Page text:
Lana Del Rey gave fans a treat on Wednesday with the music video release of “Candy Necklace” featuring Jon Batiste. The 10-minute greyscale video showcased a very glamorous Del Rey as she transformed into some of Hollywood’s most famous female icons, including Marilyn Monroe, Veronica Lake, and Elizabeth Short (known as ‘Black Dahlia’).
“Candy Necklace” is featured on Lana Del Rey’s ninth studio album Did You Know That There’s a Tunnel Under Ocean Blvd. While this isn’t the first time Del Rey has paid homage to classic Hollywood, this music video features a personal touch as we watch her go from blonde to brunette, from pearls to diamonds.
The video starts with a natural and excited Del Rey on her way to Los Angeles, symbolizing the start of her career. By the end of the video, she returns to film on the same set, but her appearance is completely different, including the car she’s in, the necklace she wears, and the fact that her career ends up killing her.
In her first tribute scene, she wears a classy, Marilyn-coded look with a short, blonde wig to tie it all together. She is shown to be comfortable around the cameras, and she’s no longer in pearls. She’s accepted Hollywood, and based on the flashy diamonds around her neck, Hollywood has accepted her as well. She says to her team “I don’t know how to not be a robot…it’s not working anymore for me” as she is seen on different cameras putting on a show and having fun. The juxtaposition of the scene was a direct tribute to Monroe and could even be attributed to the starlet’s last interview with Life Magazine in 1962.
In the video, Del Rey describes just exactly what the message behind the music video is, saying, “all these women who change their name, change their hair like me—it’s like they all fell into these different snake holes—the whole point is how you learn from that and not fall into your own thing.”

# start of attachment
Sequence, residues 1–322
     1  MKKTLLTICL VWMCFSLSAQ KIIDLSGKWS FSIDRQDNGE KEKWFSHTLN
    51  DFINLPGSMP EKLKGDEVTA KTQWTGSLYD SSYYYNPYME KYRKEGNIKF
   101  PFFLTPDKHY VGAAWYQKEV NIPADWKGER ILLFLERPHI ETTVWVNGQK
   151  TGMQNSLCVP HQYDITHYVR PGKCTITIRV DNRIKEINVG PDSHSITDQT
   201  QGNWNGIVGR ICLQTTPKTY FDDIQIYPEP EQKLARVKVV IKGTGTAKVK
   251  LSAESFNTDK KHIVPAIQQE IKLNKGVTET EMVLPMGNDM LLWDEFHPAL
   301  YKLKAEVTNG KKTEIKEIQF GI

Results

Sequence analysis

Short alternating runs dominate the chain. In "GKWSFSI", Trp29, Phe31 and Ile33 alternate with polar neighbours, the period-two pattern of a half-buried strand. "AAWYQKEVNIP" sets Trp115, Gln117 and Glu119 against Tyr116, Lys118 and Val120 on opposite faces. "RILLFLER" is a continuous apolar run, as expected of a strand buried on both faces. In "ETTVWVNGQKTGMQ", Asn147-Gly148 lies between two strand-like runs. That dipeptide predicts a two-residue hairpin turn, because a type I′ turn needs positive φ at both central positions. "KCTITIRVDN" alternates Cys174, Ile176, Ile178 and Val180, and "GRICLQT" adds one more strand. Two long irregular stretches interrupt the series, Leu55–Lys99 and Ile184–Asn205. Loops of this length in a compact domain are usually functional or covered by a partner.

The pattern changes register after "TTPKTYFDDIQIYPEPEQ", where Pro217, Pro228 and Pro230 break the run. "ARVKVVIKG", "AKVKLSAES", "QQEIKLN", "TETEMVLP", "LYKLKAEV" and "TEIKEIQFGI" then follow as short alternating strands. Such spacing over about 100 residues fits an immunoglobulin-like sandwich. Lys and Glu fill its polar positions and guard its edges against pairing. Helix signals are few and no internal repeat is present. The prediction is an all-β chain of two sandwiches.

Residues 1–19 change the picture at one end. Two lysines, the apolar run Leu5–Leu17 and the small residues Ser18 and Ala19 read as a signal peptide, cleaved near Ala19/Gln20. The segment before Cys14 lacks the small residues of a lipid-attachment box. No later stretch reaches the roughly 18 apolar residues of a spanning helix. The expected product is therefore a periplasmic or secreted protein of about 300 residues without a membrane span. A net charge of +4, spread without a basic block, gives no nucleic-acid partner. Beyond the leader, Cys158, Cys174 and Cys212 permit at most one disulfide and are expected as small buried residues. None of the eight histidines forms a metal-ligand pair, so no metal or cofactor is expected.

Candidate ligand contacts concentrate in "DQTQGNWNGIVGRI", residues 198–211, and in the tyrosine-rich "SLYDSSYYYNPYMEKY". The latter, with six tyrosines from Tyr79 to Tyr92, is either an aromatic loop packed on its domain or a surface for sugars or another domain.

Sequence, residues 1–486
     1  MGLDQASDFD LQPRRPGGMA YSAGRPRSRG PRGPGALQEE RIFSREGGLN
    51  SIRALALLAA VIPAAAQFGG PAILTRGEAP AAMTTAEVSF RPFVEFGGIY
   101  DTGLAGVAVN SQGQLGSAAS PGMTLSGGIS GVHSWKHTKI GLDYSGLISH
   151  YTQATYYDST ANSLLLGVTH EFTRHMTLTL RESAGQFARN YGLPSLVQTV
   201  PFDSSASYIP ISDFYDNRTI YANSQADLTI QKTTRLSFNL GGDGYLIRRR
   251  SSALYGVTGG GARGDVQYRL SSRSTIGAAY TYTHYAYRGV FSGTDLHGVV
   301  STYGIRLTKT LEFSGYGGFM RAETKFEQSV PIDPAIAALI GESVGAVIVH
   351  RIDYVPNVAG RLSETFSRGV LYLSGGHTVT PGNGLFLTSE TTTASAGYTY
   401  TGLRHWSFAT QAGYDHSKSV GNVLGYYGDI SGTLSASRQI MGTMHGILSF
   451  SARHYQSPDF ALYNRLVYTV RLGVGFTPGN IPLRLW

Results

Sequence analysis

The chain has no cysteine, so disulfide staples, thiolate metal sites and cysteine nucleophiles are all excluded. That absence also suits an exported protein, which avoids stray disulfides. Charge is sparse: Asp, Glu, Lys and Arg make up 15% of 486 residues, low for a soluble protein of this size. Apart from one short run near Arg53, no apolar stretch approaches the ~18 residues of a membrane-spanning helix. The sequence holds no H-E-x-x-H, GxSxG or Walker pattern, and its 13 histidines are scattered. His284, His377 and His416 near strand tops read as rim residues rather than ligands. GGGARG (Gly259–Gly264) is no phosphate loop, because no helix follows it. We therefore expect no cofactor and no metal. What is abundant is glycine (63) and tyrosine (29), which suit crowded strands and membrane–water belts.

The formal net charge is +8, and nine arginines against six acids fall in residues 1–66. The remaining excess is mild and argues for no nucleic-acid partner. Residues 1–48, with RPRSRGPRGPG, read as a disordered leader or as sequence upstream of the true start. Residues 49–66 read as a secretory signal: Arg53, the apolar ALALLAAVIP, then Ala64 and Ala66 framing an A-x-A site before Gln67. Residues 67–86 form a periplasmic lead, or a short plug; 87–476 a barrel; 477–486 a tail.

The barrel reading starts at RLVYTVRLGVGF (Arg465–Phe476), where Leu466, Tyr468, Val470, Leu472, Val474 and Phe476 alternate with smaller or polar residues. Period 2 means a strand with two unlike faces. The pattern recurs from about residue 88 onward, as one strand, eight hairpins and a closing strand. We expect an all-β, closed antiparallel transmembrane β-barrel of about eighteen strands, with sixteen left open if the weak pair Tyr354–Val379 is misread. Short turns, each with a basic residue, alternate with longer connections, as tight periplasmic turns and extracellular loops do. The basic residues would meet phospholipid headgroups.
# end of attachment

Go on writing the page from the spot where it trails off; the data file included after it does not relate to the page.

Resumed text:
The behind the scene shots of her as Veronica Lake are among some of the best. At this point, Del Rey is no longer a timid, people-pleaser in the industry. She flips the camera off and yells at the staff to “get out of the shot”. She’s bold, glamorous, and holds the perfect amount of “Hollywood-spoiled”. She becomes the object of the male gaze and then comes the perfect transition to the Black Dahlia which foreshadows Del Rey’s death at the end of the video. Surrounded by the bright camera flashes from the swarm of reporters, Jon Batiste is shown grimacing at the casket referencing Black Dahlia’s mutilated death.
All of these women that Hollywood created and destroyed were perfectly reflected through Del Rey and caught beautifully on camera by director Rich Lee. The video ends with an artistic shot of an actual candy necklace, diamonds, and pearls falling into a pool of blood. Del Rey is seen on the Hollywood Walk of Fame where she gets her own star. Cameras are still surrounding her, and she smiles with the crowd, but her neck is bare which symbolizes her death. The video fades into color and represents her name continuing to live on in the present—like Monroe, Lake, and Black Dahlia.
Top photo by Lana Del Rey on Youtube.